In a study conducted last year by Brian Ray of the National Home Education Research Institute, former home educated students who are now adults were surveyed on longer term effects. With nearly 80% of the 10,000 contacts responding, the results are dynamic. Questions were posed regarding adjustment into the “real world” as measured by college attendance and completion, types of jobs, satisfaction with life, citizenship responsibilities such as voting, and thoughts about their own home school experience. For each question, the respondents indicated a high level of social adjustment and comfort with their roles as adults, and a strong sense of well-being in their respective endeavors.
For me on a personal level, home schooling my daughters was a grand adventure. They are wonderful people to be around, and I am very confident of their abilities to make sound decisions in all areas. We had a lot of fun learning together, and we have a rich treasure of incredible memories. I would do it all again in a heartbeat! (When the time comes, they may let me help home school my grandchildren, which would be a real blast!)
What about socialization
I haven’t yet found a home schooler who hasn’t been asked this question. The asking of it implies that the only acceptable way for children to learn “proper behavior for group settings” is to be immersed in learning situations with 30 other age-mates. It also assumes that teaching one’s children and being social recluses are the same thing.
Being involved with other people (socializing) is one of the strengths of the home schoolers. There are support group activities and classes to meet every kind of interest, plus scads of community programs and activities.
Most home school children are in an average of 4-5 outside activities (compared to 1-2 for public schoolers), and many moms find their time is divided between the instructional part and the driving of kids to activities.
You can be as involved as you want–scouts, sports, theater, classes, music, hobby clubs, parks and recreation, church activities, voluntarism, being mentored by key people in similar areas of interest, inviting families to your home for meals or activities.
Socialization means being able to behave properly in all social situations. (i.e. with older or younger people, on the playground, at church or a formal event or wherever). Properly for most of us includes: treating others with respect, integrity, compassion; having a strong moral code, honesty, grace, ability to think for oneself and not give in to peer pressure, to understand the needs of others, willingness to serve others, good manners, and religious and family values.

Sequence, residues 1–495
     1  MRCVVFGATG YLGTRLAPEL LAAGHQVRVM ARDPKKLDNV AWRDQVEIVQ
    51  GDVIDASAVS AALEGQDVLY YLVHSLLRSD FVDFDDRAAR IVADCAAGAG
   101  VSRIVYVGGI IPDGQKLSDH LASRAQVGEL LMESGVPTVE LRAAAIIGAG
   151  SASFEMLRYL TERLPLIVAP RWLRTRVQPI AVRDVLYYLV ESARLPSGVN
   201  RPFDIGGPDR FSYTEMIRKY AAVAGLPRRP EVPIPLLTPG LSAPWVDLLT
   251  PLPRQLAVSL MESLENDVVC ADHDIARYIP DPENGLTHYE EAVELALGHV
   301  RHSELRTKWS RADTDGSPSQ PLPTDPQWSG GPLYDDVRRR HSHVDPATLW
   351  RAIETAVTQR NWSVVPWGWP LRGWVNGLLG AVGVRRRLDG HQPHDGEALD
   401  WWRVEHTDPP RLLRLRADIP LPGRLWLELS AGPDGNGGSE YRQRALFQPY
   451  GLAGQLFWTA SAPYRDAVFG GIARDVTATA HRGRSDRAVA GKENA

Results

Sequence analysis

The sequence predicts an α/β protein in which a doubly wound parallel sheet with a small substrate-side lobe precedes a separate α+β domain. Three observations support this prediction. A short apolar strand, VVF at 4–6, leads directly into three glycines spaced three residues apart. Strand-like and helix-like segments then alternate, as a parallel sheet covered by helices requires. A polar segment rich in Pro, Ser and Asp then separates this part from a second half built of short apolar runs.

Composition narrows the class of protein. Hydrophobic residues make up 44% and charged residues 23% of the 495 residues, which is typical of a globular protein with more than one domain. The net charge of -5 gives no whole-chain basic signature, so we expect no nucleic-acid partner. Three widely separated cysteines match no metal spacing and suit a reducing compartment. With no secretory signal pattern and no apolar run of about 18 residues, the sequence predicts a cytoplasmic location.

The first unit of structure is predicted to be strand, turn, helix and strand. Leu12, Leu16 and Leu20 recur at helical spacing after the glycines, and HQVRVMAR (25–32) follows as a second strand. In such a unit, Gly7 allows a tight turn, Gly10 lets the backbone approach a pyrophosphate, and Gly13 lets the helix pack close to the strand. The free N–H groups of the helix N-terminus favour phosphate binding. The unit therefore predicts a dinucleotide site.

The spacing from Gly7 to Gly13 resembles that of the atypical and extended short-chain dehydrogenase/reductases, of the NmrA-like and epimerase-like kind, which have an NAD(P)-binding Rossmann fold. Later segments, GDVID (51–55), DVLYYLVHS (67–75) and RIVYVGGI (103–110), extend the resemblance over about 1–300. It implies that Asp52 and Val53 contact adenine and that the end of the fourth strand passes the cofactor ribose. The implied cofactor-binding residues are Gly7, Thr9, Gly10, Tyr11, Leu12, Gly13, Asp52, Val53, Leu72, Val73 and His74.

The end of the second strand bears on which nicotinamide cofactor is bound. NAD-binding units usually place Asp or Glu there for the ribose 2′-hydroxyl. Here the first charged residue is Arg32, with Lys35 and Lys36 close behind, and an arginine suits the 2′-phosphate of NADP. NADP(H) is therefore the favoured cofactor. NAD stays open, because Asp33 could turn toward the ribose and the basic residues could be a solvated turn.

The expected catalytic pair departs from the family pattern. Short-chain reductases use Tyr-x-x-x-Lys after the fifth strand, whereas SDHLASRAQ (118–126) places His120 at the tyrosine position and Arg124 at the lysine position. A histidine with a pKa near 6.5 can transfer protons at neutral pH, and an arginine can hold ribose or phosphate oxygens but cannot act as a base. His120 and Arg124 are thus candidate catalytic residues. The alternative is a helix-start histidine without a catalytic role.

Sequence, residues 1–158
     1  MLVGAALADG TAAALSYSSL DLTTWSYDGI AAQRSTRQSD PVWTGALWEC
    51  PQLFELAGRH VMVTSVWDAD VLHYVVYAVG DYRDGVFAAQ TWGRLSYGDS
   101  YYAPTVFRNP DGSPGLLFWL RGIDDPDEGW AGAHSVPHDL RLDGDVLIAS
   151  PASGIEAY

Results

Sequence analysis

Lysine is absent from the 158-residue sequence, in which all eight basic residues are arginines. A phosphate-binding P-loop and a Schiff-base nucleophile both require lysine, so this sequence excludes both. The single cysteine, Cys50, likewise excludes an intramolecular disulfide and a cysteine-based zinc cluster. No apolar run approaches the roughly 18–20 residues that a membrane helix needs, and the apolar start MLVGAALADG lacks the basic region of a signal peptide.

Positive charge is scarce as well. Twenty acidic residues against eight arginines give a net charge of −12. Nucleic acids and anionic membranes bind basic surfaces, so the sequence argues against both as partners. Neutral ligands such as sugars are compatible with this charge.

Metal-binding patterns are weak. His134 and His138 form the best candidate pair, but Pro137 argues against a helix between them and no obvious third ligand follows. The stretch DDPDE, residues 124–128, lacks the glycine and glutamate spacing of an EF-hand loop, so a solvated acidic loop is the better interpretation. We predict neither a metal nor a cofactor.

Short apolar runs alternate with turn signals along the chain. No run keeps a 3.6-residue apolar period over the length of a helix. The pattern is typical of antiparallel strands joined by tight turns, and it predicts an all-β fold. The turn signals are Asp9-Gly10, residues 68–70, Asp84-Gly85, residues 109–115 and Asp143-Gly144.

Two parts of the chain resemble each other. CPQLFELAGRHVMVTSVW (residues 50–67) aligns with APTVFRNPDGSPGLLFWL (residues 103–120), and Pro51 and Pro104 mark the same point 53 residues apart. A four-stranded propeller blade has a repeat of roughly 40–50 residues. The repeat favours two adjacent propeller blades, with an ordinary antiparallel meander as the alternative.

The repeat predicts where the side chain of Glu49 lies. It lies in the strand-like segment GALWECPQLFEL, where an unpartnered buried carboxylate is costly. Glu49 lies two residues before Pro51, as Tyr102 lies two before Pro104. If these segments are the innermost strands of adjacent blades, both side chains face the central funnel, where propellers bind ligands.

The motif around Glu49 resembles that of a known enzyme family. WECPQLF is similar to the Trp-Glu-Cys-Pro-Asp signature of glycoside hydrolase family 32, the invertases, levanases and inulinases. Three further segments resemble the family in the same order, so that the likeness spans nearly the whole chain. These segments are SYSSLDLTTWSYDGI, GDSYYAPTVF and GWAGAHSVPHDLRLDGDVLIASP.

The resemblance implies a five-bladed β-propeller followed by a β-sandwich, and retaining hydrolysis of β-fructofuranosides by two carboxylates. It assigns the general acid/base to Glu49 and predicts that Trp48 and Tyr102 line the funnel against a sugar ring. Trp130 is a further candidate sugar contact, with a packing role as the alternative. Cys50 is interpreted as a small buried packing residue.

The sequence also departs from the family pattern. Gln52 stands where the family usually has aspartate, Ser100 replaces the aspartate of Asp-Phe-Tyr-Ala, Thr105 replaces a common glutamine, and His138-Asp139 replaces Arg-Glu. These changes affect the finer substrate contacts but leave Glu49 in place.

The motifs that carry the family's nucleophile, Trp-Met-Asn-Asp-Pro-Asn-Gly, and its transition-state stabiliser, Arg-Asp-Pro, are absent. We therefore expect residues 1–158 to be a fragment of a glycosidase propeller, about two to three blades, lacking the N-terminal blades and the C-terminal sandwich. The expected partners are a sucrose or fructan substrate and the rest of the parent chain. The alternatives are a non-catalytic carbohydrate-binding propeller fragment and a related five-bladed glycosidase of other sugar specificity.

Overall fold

Because the family is the basis for interaction with home schooling, the parents are able to see and work with character qualities and instruct the children in proper behavior.
They will relate to people of all ages, in many social settings, all under the eyes of the loving adults who are mature enough to model desirable attitudes and actions. That modeling is unlikely to occur among a group of other children who also need to learn these things.
If you were new at a job, and needed to learn many new skills, are you likely to spend the bulk of your time trying to learn from the new recruits?
Or would you seek out the most experienced and wise person there and sit at his feet? I know for myself, I would do the latter. We learn and grow from interacting with those who are more mature than we are, who can give us their wisdom.
Children, especially, need elders, (not a room full of 30 peers who are at the same or lower social, emotional and intellectual level), to raise the caliber of their application of life principles. In other words, we are most strongly influenced by those with whom we spend the most time.
We, as parents, have the wonderful privilege of importing into the lives of our children the qualities of character and godliness that we desire them to have.
Research demonstrates that children wantthis from their parents. Research also shows that home schooled students are stronger in social skills of all types than the public school counterparts, due to the strong one-on-one training from family members.